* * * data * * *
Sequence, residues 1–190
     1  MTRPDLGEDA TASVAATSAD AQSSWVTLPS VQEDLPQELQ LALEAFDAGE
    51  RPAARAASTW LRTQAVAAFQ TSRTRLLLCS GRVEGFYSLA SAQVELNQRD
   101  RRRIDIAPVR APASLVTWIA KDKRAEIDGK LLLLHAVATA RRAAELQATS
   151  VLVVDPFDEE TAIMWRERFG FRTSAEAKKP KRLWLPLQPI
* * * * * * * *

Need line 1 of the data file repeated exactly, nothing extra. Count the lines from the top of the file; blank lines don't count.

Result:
Sequence, residues 1–190